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kobold

[koh-bold, -bohld] /ˈkoʊ bɒld, -boʊld/
noun, (in German folklore)
1.
a spirit or goblin, often mischievous, that haunts houses.
2.
a spirit that haunts mines or other underground places.
Origin of kobold
1625-1635
Borrowed into English from German around 1625-35
Dictionary.com Unabridged
Based on the Random House Dictionary, © Random House, Inc. 2017.
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Examples from the Web for kobold
Contemporary Examples
Historical Examples
  • Thus no knowledge or skill avails against the kobold of the Case.

    The Booklover and His Books Harry Lyman Koopman
  • The change of servants does not affect the kobold, who still remains.

    The Fairy Mythology Thomas Keightley
  • In the German story the farmer set fire to his barn to burn the kobold in it.

    The Fairy Mythology Thomas Keightley
  • Gobelin, Goblin, or Goubelin, is evidently the same as kobold.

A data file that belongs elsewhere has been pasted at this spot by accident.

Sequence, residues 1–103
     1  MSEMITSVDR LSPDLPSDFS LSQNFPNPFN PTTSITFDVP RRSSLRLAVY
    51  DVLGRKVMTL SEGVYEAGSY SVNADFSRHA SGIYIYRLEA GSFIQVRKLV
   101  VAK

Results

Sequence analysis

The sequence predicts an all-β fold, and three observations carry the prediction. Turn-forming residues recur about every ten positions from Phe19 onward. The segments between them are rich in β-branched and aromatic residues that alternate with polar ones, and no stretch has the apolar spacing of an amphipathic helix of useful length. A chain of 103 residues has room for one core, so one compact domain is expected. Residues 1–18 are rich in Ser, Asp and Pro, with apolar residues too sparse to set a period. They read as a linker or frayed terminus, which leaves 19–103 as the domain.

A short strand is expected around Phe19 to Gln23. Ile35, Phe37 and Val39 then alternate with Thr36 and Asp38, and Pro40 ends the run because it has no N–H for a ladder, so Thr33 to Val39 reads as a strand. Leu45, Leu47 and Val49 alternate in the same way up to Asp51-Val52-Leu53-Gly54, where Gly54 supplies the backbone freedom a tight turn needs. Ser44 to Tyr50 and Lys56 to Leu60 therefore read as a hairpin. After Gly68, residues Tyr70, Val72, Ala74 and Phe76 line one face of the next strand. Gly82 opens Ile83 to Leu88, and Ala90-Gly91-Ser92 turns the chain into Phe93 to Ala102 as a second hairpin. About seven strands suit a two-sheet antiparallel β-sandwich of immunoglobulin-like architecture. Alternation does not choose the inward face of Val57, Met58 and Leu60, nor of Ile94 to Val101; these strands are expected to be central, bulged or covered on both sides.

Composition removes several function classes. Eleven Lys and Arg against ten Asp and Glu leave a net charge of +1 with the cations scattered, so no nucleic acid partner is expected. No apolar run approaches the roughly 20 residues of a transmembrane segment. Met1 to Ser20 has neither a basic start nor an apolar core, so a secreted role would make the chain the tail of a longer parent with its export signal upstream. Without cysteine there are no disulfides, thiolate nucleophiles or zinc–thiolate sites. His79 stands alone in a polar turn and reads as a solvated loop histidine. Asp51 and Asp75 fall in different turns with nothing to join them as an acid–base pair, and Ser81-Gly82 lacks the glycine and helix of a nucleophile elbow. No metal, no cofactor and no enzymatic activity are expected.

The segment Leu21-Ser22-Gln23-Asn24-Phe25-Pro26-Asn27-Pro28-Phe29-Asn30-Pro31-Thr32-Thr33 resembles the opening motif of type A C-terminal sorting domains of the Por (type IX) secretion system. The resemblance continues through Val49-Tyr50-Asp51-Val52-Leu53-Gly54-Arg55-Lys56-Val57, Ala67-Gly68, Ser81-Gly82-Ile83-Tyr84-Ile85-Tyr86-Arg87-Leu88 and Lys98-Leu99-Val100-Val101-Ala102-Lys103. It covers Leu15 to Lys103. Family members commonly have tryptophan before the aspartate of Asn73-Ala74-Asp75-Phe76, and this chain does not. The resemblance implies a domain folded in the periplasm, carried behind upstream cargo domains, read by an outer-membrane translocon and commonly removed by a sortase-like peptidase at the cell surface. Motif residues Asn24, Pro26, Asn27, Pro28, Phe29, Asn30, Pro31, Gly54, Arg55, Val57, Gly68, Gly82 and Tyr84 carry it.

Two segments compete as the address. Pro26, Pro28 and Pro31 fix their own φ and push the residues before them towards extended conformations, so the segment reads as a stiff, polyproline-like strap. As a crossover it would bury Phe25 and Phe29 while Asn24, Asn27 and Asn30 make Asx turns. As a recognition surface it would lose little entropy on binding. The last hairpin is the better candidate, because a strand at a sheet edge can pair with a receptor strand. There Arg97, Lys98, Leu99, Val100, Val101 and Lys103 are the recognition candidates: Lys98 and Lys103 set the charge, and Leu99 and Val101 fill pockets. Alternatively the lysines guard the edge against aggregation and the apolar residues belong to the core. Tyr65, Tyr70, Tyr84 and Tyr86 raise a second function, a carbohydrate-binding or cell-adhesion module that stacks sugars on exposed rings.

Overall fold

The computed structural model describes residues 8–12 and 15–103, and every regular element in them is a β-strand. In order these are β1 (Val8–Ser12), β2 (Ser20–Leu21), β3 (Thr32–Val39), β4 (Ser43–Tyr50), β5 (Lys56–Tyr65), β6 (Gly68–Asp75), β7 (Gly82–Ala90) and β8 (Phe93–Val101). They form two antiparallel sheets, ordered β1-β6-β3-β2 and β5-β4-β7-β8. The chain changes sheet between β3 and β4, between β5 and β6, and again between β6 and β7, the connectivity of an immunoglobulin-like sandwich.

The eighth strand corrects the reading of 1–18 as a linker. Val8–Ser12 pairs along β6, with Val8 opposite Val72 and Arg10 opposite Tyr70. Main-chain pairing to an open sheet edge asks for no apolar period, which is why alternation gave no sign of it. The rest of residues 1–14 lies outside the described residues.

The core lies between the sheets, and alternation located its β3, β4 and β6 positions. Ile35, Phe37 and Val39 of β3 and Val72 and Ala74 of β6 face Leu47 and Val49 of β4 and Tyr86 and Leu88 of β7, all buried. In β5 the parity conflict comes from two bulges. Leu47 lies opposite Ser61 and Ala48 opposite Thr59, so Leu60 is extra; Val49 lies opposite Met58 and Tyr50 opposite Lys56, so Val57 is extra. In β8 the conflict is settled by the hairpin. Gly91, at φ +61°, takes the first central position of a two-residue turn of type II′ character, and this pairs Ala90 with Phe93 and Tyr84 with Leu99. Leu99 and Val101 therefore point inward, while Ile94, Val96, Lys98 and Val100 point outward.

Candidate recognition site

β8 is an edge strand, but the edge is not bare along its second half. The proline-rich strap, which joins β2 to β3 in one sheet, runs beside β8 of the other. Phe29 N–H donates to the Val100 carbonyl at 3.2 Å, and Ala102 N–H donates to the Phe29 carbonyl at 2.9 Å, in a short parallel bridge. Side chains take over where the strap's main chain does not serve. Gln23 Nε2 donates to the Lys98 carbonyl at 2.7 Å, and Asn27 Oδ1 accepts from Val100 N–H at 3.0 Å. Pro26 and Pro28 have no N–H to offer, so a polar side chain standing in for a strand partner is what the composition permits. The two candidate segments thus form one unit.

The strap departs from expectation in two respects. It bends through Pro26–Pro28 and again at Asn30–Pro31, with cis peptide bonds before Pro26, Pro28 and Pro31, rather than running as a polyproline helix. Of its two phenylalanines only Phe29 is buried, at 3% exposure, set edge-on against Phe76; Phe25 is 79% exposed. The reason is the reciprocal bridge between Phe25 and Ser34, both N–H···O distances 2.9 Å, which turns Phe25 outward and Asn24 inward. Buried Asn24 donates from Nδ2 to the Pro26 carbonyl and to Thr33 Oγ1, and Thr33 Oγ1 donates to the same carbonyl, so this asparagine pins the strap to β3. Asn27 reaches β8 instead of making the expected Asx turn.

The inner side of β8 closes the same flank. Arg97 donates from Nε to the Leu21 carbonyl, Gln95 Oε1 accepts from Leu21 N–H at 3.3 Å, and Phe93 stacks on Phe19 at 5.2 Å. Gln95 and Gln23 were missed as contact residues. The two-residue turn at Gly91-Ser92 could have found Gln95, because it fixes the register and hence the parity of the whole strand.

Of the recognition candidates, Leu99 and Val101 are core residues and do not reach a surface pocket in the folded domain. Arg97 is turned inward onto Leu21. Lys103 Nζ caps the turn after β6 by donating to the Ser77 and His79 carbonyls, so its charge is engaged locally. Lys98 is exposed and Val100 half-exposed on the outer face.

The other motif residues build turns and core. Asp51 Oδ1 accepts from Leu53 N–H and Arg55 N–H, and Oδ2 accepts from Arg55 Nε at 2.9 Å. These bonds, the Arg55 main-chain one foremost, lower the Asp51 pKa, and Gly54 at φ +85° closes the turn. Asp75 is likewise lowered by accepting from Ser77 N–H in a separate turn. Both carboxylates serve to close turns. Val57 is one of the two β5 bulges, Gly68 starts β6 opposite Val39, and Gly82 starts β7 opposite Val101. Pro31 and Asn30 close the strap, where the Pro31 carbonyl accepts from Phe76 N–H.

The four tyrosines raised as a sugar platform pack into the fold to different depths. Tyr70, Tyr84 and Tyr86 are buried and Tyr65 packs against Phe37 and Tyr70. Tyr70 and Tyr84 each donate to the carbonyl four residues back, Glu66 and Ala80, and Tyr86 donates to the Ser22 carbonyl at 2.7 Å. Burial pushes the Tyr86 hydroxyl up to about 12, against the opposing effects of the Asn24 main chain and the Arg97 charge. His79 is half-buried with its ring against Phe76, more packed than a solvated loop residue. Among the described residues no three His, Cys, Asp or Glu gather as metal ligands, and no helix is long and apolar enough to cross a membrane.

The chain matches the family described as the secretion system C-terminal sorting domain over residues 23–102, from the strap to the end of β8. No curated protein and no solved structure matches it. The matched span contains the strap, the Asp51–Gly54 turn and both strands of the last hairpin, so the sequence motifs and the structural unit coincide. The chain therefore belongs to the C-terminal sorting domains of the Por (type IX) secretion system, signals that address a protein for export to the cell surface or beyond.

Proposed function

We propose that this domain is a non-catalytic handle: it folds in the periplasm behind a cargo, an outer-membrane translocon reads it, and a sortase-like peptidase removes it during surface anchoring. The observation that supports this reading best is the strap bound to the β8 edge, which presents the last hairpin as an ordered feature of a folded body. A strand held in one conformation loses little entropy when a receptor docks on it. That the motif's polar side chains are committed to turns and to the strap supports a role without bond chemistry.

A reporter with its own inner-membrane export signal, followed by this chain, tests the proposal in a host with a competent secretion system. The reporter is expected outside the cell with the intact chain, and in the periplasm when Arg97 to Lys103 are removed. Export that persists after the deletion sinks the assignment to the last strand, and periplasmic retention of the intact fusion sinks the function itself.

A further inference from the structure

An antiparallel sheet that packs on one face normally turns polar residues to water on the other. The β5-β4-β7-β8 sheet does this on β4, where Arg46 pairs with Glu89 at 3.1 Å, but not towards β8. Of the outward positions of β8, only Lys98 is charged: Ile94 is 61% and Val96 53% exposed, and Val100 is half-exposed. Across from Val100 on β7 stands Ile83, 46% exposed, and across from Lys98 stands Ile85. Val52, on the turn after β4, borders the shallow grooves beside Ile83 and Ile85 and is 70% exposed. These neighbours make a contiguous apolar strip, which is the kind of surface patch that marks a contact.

The Fairy Mythology Thomas Keightley
  • There the kobold sat and ate breakfast; he had just finished when they came.

    Mogens and Other Stories Jens Peter Jacobsen
  • His name among them is troll (drôle); among the Germans kobold, nix.

  • Above was star-sown night, but Rome lay under a kobold roof of her own lighting.

    Foes

    Mary Johnston
  • But he reproved her conduct, and even struggled with the kobold who tried to prevent his releasing her from the crab.

    Complete Short Works Georg Ebers
  • The kobold chose a more comfortable seat, and told me of his own accord.

British Dictionary definitions for kobold

kobold

/ˈkɒbəʊld/
noun (German myth)
1.
a mischievous household sprite
2.
a spirit that haunts subterranean places, such as mines
Word Origin
C19: from German; see cobalt
Collins English Dictionary - Complete & Unabridged 2012 Digital Edition
© William Collins Sons & Co. Ltd. 1979, 1986 © HarperCollins
Publishers 1998, 2000, 2003, 2005, 2006, 2007, 2009, 2012
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Contemporary definitions for kobold
noun

in German folklore, a haunting spirit, gnome, or goblin

Word Origin

Middle High German kobolt 'goblin'

Dictionary.com's 21st Century Lexicon
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13
15
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